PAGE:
It was time to visit one of our special places. After our last attempt, the roads were now open into the burn area.
A small storm came through Friday afternoon into Saturday. We got around an inch of rain here at home. Sunday was clear. We headed over to the Rubicon River Canyon to see the damage inflicted by the King Fire last fall. We walked down an old road cut to intersect the Hunters Trail that runs along the north side of the river, up on the canyon side.
Various areas have straw mulch spread by helicopter during the initial fire restoration project. The Rubicon River is a designated wild and native trout stream. The angler survey box still sits at the start of the trail.
Although the sign on the outside melted in the heat, the contents survived.
Some vegetation is returning on the lower canyon walls.
This elevation is right around the upper limit for poison oak, a very hardy plant.
In our fourth year of drought, we were initially quite surprised to see water flowing in several of the small side drainages.
After giving it some thought, we realized that the ground is bare above promoting fast run off from the small storm. Also all the forest vegetation is gone so there is no plant life drinking up any of the moisture.
We continued up canyon on the trail.
One small burned meadow area has lupine blooming.
And in less fire-seared areas, ground cover is coming back.
Life is returning to other areas as well.
Birds are returning. We saw and heard Stellar Jays and Robins. We did notice there were no small critters such as squirrels and rodents. Also, we saw no reptiles such as lizards and snakes. We were quite surprised to see a bear. The Lady was ahead and quietly called out, "Bear!" I trotted up to her and asked where. She explained it was moving below her and she didn't think it had seen her. She kept an eye out for another sighting.
I doubled back to see if it had turned around. I stopped when I heard movement below me and a small bear popped up on a small rock outcrop, about 15 feet away. It was a small bear, probably last year's cub. It would have only gone about 40 lbs. It still had its winter coat, light cinnamon in color, and was wet from yesterday's rain or maybe from crossing the river. It was a beautiful pose with all four paws together on the top of the rock. I lifted the camera up. It saw the movement and was instantly gone. This was a great surprise to see a large mammal, but with the new growth coming up and lack of other bears, this is a good territory for a young bear to move into.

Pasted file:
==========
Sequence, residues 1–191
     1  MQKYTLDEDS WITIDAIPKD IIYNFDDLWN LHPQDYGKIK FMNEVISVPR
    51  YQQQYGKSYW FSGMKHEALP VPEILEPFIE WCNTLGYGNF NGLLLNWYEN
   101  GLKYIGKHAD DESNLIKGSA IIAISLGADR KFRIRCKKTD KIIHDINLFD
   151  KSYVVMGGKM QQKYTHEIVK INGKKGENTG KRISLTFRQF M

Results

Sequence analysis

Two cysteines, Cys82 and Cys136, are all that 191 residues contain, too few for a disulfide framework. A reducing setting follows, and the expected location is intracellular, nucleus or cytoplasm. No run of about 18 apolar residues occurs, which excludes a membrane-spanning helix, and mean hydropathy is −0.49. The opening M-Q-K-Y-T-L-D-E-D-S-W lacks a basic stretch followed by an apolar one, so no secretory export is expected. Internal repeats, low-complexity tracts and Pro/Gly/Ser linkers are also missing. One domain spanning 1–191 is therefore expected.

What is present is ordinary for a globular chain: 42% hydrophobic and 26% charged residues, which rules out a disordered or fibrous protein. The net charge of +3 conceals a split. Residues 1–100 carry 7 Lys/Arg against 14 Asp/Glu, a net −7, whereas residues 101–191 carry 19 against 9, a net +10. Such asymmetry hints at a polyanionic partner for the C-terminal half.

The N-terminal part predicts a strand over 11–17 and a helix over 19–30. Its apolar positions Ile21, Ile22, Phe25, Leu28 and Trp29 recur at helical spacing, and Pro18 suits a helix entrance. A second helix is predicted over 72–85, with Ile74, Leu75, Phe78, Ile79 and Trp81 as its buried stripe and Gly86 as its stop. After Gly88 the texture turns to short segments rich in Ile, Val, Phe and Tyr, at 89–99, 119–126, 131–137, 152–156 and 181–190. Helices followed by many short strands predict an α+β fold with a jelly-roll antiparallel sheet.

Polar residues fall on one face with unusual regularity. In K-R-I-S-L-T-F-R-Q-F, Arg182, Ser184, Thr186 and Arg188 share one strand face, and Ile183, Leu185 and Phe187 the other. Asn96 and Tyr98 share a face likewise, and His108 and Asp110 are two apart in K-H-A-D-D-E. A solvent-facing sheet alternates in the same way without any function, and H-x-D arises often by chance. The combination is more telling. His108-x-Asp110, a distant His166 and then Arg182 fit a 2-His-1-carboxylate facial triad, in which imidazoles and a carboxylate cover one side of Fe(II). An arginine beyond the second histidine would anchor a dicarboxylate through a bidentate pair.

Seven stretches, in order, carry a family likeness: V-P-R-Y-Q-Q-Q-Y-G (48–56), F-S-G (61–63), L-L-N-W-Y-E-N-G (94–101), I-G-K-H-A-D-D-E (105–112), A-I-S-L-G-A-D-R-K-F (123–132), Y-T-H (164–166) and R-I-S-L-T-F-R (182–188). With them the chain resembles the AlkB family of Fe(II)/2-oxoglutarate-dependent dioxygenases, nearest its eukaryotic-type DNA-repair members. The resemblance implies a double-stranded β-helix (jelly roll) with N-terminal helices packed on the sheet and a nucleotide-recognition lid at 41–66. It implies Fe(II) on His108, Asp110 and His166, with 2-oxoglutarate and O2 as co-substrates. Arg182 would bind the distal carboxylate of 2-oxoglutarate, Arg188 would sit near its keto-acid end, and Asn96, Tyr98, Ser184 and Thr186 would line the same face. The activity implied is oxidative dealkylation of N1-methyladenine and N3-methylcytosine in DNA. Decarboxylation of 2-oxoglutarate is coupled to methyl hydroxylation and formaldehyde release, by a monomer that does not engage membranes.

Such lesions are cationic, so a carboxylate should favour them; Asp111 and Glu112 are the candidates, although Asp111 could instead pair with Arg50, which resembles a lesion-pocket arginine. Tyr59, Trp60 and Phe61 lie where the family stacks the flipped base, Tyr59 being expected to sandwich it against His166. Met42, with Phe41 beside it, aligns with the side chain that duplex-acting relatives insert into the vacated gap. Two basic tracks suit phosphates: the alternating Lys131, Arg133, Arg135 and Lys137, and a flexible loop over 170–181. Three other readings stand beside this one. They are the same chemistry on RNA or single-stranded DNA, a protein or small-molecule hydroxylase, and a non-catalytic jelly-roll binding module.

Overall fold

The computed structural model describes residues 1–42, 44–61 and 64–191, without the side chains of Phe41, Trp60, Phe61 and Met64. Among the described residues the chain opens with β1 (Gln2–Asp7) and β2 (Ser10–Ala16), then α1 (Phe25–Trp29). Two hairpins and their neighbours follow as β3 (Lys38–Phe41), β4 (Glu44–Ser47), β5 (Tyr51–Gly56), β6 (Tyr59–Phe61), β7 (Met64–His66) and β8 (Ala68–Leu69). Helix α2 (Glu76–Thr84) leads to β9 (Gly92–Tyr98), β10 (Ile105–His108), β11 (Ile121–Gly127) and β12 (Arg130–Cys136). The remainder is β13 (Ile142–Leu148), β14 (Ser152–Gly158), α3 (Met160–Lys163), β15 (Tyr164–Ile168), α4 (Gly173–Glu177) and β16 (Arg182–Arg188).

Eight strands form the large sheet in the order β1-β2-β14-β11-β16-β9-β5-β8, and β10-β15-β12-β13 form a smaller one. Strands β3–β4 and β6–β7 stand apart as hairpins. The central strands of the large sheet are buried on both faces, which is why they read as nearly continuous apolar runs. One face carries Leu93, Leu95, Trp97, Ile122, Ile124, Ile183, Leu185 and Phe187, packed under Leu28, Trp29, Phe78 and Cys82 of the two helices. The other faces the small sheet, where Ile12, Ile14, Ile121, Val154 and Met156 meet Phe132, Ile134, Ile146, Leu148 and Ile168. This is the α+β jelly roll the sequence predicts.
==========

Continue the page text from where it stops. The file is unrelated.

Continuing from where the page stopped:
Up ahead was one of our favorite viewpoints into the canyon.
We were happy to see the riparian vegetation - alders and willows - had been spared in places on the canyon bottom.
We worked our way down to the river. The Lady loves broad expanses of bare rock on the river's edge. Searching out a place, a perch, along flowing water always feels like coming home.
We were in for a bit of a surprise. The water, usually crystal clear, was almost opaque with a blackish brown color from ash.
We could see signs that the water level had recently risen with an inflow of ash and silt as shown by these leaves now underwater with silt on top.
And, when we looked close we could see ash and bits of charcoal on the rocks in the river.
We sat quietly. A pair of swallows worked the air above. Two mergansers flew up river. It still had a feeling of home. We felt like we still belonged but so much had changed.
It was time to climb back up to the trail.
We turned back toward the trailhead and worked our way back.
There is a lot of debris across the trail. But, around us were signs of new life - bright signs - giving hope that this place will be a good home to the small bear and recovery will continue.